The New Normal
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The New Normal

Written by 12 November 2012

The following is a guest blog post by Brad Currie, a Middle School Dean of Students and Supervisor of Instruction for the Chester School District in Chester, NJ ... Brad was one of many educators affected by Hurricane Sandy.....

The New Normal

The New Normal The past ten days have been an unbelievable and life changing experience for many people and many educators in New Jersey and beyond. The effects of Hurricane Sandy have altered people’s way of life and how the current school year will play out. A new normal has arose from this natural disaster and will change the way school districts set up their school calendars, communicate without electricity, provide instruction in shorter time frames and educate with empathy.

From a personal standpoint as a school leader, I have noticed several things during my ten powerless days off…….

  1. Instant alert systems, Twitter and Facebook have provided schools with a reliable method to communicate important information. Many people impacted by the severe weather have been without home Internet access or phone service. Communicating with stakeholders through these mobile device apps is quite necessary.
  2. Electricity is essential to life and obviously imperative to schools running in an efficient manner. Investing in back up generators might be an issue boards of education look at with more focus. Partnerships with surrounding school districts and community organizations helps address issues that arise.
  3. Strong leaders understand the importance of human safety and don’t rush to judgements just to get the days in. These same administrators should also communicate in a timely fashion and lead with empathy. Keeping a level head and being transparent enables stakeholders to buy into the deductions that are made.
  4. The education community around the Tri-state area and across the country for that matter have come together and lent a helping hand to those in need that were effected by Hurricane Sandy. The EdcampNJ group in particular is helping schools with supplies, selling tee shirts and holding a toy drive for kids that have had their world turned upside down.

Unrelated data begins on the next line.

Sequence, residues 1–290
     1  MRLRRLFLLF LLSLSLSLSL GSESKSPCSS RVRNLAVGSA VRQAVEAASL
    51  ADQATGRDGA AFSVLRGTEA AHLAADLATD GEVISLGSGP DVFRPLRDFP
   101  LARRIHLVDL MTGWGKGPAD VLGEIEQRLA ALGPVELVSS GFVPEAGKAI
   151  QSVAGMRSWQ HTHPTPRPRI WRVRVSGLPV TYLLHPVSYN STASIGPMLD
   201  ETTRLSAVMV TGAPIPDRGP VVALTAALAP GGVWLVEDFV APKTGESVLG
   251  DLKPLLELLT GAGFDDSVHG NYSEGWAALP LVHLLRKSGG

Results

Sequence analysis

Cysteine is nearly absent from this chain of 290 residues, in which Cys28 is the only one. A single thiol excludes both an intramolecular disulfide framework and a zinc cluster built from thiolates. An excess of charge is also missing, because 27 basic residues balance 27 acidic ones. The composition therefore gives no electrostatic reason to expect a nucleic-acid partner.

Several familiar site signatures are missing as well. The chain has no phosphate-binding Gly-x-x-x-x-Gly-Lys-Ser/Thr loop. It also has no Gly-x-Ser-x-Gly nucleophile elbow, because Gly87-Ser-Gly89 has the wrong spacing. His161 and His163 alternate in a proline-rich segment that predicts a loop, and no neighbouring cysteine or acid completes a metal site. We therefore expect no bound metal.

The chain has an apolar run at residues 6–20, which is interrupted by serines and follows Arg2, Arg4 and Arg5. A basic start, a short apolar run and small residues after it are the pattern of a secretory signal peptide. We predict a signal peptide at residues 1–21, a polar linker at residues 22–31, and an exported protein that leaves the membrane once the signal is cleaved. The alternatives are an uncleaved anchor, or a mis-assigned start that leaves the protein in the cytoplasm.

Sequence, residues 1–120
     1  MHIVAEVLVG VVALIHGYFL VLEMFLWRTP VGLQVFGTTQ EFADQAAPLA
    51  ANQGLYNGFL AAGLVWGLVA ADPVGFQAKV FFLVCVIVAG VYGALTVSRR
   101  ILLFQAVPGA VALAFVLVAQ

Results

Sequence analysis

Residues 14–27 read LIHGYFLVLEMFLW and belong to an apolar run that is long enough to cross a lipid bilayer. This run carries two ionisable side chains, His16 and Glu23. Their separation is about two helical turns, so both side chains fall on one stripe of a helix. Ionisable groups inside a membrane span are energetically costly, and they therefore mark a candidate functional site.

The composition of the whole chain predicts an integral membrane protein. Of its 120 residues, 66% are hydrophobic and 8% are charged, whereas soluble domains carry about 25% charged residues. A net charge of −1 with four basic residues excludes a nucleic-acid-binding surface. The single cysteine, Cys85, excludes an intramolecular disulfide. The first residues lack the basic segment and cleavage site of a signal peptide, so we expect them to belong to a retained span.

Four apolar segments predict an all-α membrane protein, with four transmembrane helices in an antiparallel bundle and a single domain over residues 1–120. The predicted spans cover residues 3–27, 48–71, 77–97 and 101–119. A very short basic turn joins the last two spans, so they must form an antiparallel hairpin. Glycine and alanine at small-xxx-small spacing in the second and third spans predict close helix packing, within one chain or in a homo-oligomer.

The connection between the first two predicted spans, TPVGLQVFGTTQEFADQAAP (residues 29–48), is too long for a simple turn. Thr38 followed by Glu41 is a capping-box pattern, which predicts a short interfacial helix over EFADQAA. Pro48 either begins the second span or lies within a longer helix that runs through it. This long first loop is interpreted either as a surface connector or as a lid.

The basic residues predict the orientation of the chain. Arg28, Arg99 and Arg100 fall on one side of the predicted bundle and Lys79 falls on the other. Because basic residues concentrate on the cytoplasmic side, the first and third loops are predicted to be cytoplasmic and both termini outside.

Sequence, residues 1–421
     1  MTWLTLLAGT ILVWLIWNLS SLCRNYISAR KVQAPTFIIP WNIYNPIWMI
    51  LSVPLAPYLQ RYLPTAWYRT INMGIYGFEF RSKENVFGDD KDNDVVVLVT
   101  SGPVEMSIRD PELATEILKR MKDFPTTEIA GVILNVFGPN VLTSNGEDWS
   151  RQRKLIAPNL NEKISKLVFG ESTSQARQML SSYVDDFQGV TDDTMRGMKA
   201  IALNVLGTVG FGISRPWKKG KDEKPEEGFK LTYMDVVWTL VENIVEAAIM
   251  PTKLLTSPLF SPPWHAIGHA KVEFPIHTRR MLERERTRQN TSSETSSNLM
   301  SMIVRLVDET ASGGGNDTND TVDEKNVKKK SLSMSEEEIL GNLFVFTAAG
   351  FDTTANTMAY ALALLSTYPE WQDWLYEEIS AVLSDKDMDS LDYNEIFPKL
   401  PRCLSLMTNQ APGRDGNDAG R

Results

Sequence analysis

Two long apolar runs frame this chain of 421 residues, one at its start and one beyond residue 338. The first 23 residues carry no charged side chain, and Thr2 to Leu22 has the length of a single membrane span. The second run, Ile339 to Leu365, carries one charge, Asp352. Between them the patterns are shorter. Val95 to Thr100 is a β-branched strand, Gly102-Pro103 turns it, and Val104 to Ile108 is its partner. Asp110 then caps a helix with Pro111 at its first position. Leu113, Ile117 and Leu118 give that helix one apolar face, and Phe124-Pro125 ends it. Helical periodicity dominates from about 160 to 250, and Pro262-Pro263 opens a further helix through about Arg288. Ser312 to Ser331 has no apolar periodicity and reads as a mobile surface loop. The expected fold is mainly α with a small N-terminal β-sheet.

5. Humans are resilient and caring during trying times. For the most part people are taking these life changing experiences in stride and making the best out of a terrible situation. There is no doubt that communities and schools will come back stronger than ever. Families have taken other families into their homes and provided food and shelter, which to me is truly remarkable.

The New Normal Hurricane Sandy has provided schools with very challenging circumstances and everyone has learned some valuable lessons. There is no doubt that school districts will evaluate their crisis management procedures and develop “out of the box” solutions moving forward. A new normal has now presented itself and schools have to adapt accordingly. Strong leadership, teamwork and creative thinking will guide school districts through this type of disastrous situation with the success of all students the top priority.

About the Author:

Brad Currie is the Middle School Dean of Students and Supervisor of Instruction for the Chester School District in Chester, NJ. He is the co-founder and co-moderator of a weekly Twitter discussion for current and emerging school leaders called #satchat. Brad promotes the expansion of PLNs and social media integration in the school setting. You can follow Brad on Twitter @bcurrie5 or read his blog at

Click here to read Brad's original post.

Thank you so much to Brad for allowing us to re-post and share his story. The SimpleK12 Team would like to extend our thoughts to all those affected by Hurricane Sandy.

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The New Normal


  • Connie said:

    Brad I do feel your pain and concern for everyone who was affected by Hurriacan Sandy. 7 years ago my family came here from New Orleans. The devatastion was unreal and painful to all the them. Yes, it is very important that our leaders lead with empathy because the victims’ lives will never be the same. Being an elementary school teacher, knows how life tradegies have a major impact of our students. If I can do anything for the students, please let me know. My students and I are having deep converstation about what If….

  • Brian said:

    Can’t agree enough with point number one. My home phone is provided by my cable provider, so no power (or cable) means no phone. I eventually figured out I could forward my home phone to my cell phone, but for the first couple days I had to rely on Facebook, News 12, and texting colleagues to know what was happening at my school.

    It’s nice to get a phone call, but it seems there are far more efficient ways to handle announcing a closure, like a) e-mailing everyone, b) promptly updating the district website, or c) establishing a district Twitter/Facebook account for announcements. I’m a graduate student at Rutgers and a teacher in NJ. Rutgers has done a good job of adapting and using new technology to communicate; a lot of K-12 districts have not.
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